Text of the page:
Recently I did interview with an inspiring Portland-based lady creator, Nadia Buyse. Nadia kicks ass in bands: Ghost Mom, Tombstalkers/Bloodbraid and most recently the Adrian Piper Cover Band. She works with “images, sounds, puppets, insecurities and regrets. Experimenting with adaptations of gender and sexuality.” She also teaches at the Rock n Roll Camp For Girls.
What does music mean to you?
NADIA BUYSE: Music means a lot of things to me. First of all, it is a coded language that has esoteric roots but is universally understandable simultaneously. Secondly, it is a physical manifestation of the rhythmic patterns of life both visceral and surface. It imitates these rhythms and synthesizes them into something pleasurable. Feeling heart ache is a lot different then listening to the sound of someone’s heartache but it is relatable, as we will all feel that in our lifetime. Music is a constant in a world of inconsistencies. And on a more personal level I really felt music saved my life.
Growing up who were your musical heroes and what was it about them that you found so appealing?
NB: As a teenager I was interested in fearless women, because I wanted to grow up to be a fearless woman. Because of this I was more attracted to music that was subversive and being made by women. Some of my biggest teenage heroes are/were The Raincoats, Bratmobile, X-Ray Spex, Bikini Kill, and Grace Slick.
How did you first come to singing and performance?
NB: I have no recollection of my life without performance and music. When I was a kid I got into dancing at a really young age (like 4) and I remember at that age I would listen to the classical music station and sing along. My mind has always worked this way, I’ve never seen myself as anything else.
How would you describe performing? How does it make you feel?
NB: I feel nervous, anxious, prepared, unprepared, stifled, trifled, beautiful, ugly, political and generic all at the same time.
Performance is a synthesis of emotions to display a certain reality outside of your actual experience. It’s a projection. It’s a lie. But it feels very organic and truthful at the same time. I had a problem when I first started studying acting that I was afraid that I was always acting. Now more than being afraid of it I embrace that cognition and attempt to make good with it.
Outside of music what else do you like to do creatively? I know that you’ve made lots of short videos/films, many involving puppets!
NB: I’m an artist, I’m a maker and very responsive to our visual culture. I feel that I’m interested in the manifesting of conceptual ideas and or working therapeutically through art making. I also enjoy teaching, especially through Rock n Roll Camp For Girls.
Where does your love of puppets stem from?
NB: Puppets are empty vessels. They are surrogates or stand-ins for people, not actual people but human emotions and hardships. For instance, its funnier to hear a puppet having inner dialogue about suicide then it is for a person to do it. There is no room for comedy there, but the absurdity of a puppet having this contemplation makes the comedy possible.
Creatively, what are you currently focused on?
NB: Right now my main focus is on Adrian Piper Cover Band. This is my newest solo band in which I take excerpts from the installation piece Cornered By philosopher/ conceptual artist Adrian Piper and turn them into Pop Songs. This Project is about creating cultural metonyms about hybrid racial identities, it extends itself into other sorts of performances and objects.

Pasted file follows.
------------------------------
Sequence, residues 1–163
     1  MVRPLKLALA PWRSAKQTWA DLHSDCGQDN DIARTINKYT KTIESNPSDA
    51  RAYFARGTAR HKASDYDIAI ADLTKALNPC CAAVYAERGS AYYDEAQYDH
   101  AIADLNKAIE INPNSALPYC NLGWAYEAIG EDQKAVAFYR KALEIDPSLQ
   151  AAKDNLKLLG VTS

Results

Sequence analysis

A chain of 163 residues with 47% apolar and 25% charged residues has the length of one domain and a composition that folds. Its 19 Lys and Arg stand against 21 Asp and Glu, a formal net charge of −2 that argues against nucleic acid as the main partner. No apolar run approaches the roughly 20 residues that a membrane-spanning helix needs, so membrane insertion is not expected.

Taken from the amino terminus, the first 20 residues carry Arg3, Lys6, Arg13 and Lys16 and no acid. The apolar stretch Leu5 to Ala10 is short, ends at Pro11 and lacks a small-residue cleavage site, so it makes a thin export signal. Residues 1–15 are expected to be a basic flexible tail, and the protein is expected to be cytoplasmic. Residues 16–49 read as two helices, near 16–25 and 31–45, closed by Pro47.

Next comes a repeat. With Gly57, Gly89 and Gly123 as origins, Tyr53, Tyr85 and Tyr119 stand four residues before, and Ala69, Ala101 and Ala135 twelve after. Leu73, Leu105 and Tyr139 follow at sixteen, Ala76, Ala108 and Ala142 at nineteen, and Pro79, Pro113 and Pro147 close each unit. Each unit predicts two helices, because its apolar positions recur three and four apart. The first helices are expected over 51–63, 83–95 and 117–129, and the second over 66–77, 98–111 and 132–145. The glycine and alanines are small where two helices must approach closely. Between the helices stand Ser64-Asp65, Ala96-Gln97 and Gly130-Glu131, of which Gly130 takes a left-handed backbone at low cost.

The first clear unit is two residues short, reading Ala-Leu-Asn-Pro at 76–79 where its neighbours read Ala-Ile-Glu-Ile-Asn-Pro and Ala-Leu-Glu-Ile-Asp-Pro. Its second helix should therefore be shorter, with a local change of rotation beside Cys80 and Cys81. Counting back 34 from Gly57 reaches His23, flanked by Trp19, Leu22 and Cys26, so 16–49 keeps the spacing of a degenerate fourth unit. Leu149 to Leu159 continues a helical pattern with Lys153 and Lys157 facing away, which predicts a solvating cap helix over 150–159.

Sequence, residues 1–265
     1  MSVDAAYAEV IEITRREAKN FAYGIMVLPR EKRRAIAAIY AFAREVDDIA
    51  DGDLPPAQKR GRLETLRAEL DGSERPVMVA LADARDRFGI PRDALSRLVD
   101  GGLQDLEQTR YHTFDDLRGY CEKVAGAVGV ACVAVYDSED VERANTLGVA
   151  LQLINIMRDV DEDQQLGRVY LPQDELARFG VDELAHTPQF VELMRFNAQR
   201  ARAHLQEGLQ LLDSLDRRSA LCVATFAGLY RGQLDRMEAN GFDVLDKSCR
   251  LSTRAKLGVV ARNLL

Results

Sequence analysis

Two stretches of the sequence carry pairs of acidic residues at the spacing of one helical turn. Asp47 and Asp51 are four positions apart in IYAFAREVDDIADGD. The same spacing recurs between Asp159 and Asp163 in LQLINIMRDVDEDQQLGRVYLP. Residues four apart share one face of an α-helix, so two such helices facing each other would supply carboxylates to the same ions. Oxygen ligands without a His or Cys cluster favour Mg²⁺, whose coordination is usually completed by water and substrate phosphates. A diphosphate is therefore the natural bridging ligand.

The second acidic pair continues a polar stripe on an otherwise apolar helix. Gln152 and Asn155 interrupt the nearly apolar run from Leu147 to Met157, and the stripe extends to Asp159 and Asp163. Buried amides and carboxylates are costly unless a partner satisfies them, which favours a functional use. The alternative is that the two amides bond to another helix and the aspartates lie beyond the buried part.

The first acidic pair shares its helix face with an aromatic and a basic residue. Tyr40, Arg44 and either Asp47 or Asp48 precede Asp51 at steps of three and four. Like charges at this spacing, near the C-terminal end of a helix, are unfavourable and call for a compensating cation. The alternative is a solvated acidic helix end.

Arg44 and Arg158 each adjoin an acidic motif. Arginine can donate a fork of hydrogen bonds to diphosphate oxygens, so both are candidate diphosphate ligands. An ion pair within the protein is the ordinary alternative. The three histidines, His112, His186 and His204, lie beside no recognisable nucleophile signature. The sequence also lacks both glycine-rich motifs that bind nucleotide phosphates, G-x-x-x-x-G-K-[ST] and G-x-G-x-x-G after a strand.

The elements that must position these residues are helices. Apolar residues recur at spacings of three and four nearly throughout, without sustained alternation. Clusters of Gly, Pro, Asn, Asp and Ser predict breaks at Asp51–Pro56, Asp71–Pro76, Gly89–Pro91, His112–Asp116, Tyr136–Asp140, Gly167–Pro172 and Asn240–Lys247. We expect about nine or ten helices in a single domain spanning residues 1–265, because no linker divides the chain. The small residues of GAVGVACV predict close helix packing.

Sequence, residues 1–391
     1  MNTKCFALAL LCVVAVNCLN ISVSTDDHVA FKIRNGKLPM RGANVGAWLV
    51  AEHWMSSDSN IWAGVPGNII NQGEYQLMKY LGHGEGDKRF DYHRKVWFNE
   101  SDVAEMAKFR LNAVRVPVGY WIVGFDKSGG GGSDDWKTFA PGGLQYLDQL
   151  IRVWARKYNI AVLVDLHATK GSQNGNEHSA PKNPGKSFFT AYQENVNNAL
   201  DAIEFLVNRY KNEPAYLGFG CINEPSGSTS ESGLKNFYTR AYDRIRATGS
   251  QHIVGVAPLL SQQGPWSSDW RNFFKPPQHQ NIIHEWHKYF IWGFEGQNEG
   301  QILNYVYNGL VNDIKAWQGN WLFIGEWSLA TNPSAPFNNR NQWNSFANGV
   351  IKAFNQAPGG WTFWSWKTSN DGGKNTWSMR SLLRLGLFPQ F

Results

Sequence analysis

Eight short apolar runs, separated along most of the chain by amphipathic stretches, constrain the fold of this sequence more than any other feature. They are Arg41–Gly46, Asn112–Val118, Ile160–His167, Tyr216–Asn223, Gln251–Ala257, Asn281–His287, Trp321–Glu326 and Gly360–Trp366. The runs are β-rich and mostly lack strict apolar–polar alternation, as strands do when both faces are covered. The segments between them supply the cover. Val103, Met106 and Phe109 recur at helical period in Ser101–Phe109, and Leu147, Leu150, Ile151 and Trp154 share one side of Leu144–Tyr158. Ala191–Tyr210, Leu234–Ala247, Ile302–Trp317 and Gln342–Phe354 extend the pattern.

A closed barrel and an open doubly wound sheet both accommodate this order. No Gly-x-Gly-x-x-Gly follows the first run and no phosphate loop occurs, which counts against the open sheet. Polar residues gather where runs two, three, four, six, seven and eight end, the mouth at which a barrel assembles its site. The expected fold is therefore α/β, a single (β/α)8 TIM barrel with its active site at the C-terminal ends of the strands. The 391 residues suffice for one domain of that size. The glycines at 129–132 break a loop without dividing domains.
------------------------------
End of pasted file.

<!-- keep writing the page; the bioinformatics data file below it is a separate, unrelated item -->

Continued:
What’s something that you find to be a constant source of inspiration in regards to your creative output?
NB: Vulnerability is something I see thematically in my work and in my music but I don’t think it is apparent to the viewer/audience. I know that the impetus of making comes from a place of misunderstanding or feeling the need to educate myself or reassure myself.
You’re a member of bands Ghost Mom and Tomstalker/Bloodbraid; what do each of those bands mean to you?
NB: To me these bands are very opposed but not in a negative way, in a way that I find intriguing. I like the articulate song construction of Tombstalker/Bloodbraid and I also like the immediacy that dictates how Ghost Mom writes. Each of these bands offers me a chance to collaborate with people I truly Love and admire too.
In your experience, what is the most challenging thing about being in a band?
NB: The lack of fiscal opportunity is the most challenging. It’s more likely that you won’t make a living off playing music than it is likely. And even if you do make a living it doesn’t come with health insurance, a 401k, or anything like that.
What is your favourite song to sing live and why?
NB: I think it would have to be Swamp or Doppleganger by Tombstalker/Blood Braid I feel the soul in those songs. As for Ghost Mom Songs I love to sing the two songs that we still perform from our Ghost Prom set at T:BA.
I read on your blog that the book, A Director Prepares by director/performance artist Anne Bogart was one of the most life changing books you’ve read; is there another book that has had such an impact on you?
NB: Oh there are SO many books, so many writers, I can give you a list of people who are heavily influencing my world right now… those people are Mike Kelley, Adrian Piper, Rosalind Krauss, Kathi Acker, Jean Baudrillard, Seth Price, Michel Scion, and Angela Davis.
Where are some places that you like to hang out?
NB: As of lately, my favorite place to hang out has been my bedroom.
What’s something that you would really like to do one day?
NB: Hug a Panda and/or Ride a camel on the beach. I feel my camel/beach fantasy will be realized during my trip to Tunisia this summer.
Adrian Piper Cover Band:
Tombstalker are playing with The Raincoats 17 March 2012 – Star Theater, Portland, OR.
*Photo credit: Photo 1 by Maya Kiko Stoner